Can the anti-LTN movement change the Labour vote?

Residents from Lambeth and Ealing staged protests last Saturday to oppose the implementation of low traffic neighbourhoods (LTNs), bringing together political opponents to Labour’s mayoral incumbent Sadiq Khan.

A small demonstration in Brixton was eclipsed by the thousands who marched on Ealing Council, both sharing the aim of requesting their council scrap LTNs. 

LTNs close down smaller residential roads to traffic to encourage walking and cycling, and lead to an “evaporation” of cars from the city’s main roads.

It has been financed by the Conservative Government but implemented primarily across Labour councils in London, including Lambeth and Ealing.

Under chants of “What do we want? Our streets back!” the protestors gathered in Brixton’s Windrush square demanding their voice be heard.

Among other complaints, LTNs are criticised for being imposed undemocratically and without consultation, through the council’s use of emergency powers during the Covid-19 pandemic.

A legal case is being brought forward against the council for discrimination against minority groups protected by the Equalities Act.

The council recognised in one of its assessments that the scheme “may result in the interference with the human rights of individuals” but, it was deemed a “necessary and proportionate means of achieving the wider public benefit of making the borough’s transport networks safe, efficient, inclusive, sustainable and healthy.”

Shaun Bailey, the Conservative Party candidate for London Mayor, supported the protest and called for the removal of LTNs.

He said: “Everybody wants the LTNs removed, and all it requires is listening to people.

“When the local people don’t want it, we will just refuse the funding to back them.”

An assessment conducted by Lambeth Council has shown a reduction of up to 58% in car traffic within the Railton LTN in Brixton, and 21% in the peripheral streets.

MORE CYCLISTS: The road closures have encouraged cyclists around the area. Credit: Lambeth Council

The council acknowledged that some streets have seen a slight increase in car volumes following the implementation of LTNs, as happened in Coldharbour Lane.

The campaigners are mobilising to vote out Khan, who has been accused of funding this policy and currently has a 13-point-lead over Bailey in the polls.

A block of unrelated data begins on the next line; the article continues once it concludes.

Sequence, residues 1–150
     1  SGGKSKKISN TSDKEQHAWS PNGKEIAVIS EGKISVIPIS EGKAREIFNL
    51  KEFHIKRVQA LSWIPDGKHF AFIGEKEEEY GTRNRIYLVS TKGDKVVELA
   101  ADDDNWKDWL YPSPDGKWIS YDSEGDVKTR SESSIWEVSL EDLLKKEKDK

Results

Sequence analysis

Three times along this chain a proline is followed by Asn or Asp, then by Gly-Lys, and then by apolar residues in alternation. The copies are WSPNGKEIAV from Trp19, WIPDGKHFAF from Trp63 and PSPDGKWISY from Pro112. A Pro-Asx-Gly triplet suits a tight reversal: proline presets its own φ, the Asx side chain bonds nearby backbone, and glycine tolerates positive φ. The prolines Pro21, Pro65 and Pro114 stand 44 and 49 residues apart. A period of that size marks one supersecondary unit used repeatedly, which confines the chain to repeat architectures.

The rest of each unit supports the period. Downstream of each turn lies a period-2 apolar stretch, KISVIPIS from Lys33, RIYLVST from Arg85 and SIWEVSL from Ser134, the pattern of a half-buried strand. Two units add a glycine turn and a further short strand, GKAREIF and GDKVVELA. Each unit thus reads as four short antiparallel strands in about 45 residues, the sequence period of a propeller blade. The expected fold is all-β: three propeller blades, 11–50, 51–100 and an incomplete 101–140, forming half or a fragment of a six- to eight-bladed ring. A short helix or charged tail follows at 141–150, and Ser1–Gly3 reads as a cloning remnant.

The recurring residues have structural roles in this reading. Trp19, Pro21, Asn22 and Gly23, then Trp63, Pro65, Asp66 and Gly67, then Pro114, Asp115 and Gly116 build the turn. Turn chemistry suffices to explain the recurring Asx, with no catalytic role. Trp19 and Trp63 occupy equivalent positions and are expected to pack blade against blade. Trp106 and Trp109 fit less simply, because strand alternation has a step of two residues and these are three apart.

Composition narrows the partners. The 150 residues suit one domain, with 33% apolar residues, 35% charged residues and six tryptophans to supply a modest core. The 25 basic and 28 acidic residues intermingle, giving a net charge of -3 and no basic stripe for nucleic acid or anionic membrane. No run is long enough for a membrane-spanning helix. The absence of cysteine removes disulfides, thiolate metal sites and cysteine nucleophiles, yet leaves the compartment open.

COLLIDING ROADS: The residents that attended the protests said traffic on their roads had become a problem

In a statement last September, the Mayor said: “LTNs are an extremely important tool right now to enable more Londoners to walk and cycle while capacity on public transport remains limited by social distancing.

“I am assured that boroughs will take the appropriate steps to engage and listen to your constituents’ feedback, in accordance with the relevant statutory procedures applying to ETOs, before making any decisions on removing or making schemes permanent, including with appropriate modifications.”

Lambeth Council argues that their resident survey shows more than 80% of people living in Lambeth support measures to reduce air pollution and encourage sustainable modes of transport.

A Lambeth Council spokesperson said: “Last summer the council produced an emergency transport plan, for the benefit of all residents of the borough, in response to the significant challenges the coronavirus pandemic posed to the borough’s transport system. This plan included pavement widening, temporary walking and cycling infrastructure and low traffic neighbourhoods.

“The start of the Covid-19 pandemic saw capacity on public transport reduced by up to 80 per cent to accommodate social distancing. With 60% of households in Lambeth not having access to a car, and with ​access typically lower for women, black and disabled residents in particular, we needed to make our streets safer to enable them to walk, cycle, scoot or wheel safely in their local area and access local facilities during the pandemic. 

“It’s simply not acceptable to us that if you are a disabled pedestrian, you are four times more likely to be injured by a motor vehicle than a non-disabled pedestrian. To not make changes to our streets to protect the most at-risk residents is an abdication of responsibility. 

“All homes and businesses in our borough are accessible by car and taxis.

“It is widely accepted that the only way to reduce congestion on main roads running through Lambeth is to reduce the amount of trips taken by motor vehicles. This will only be achieved by the council working in partnership with Transport for London and others to prioritise efficient and sustainable modes of transport. By supporting safe, affordable and accessible ways of getting round for everyone, we will reduce congestion and free up our roads for those that need to use a car to get around.

“Our resident survey shows more than 80% of people living in the borough support measures to reduce air pollution and encourage sustainable modes of transport such as walking, cycling or the use of public transport. LTNs are a key part of that policy approach.

“The council is committed to regular, detailed, open and transparent monitoring of the programme ​including taking on board feedback from local people and making improvements where necessary. This is ongoing and the first monitoring reviews have been published already. As part of our commitment, there will be a public consultation prior to any decision on the future of the projects.” 

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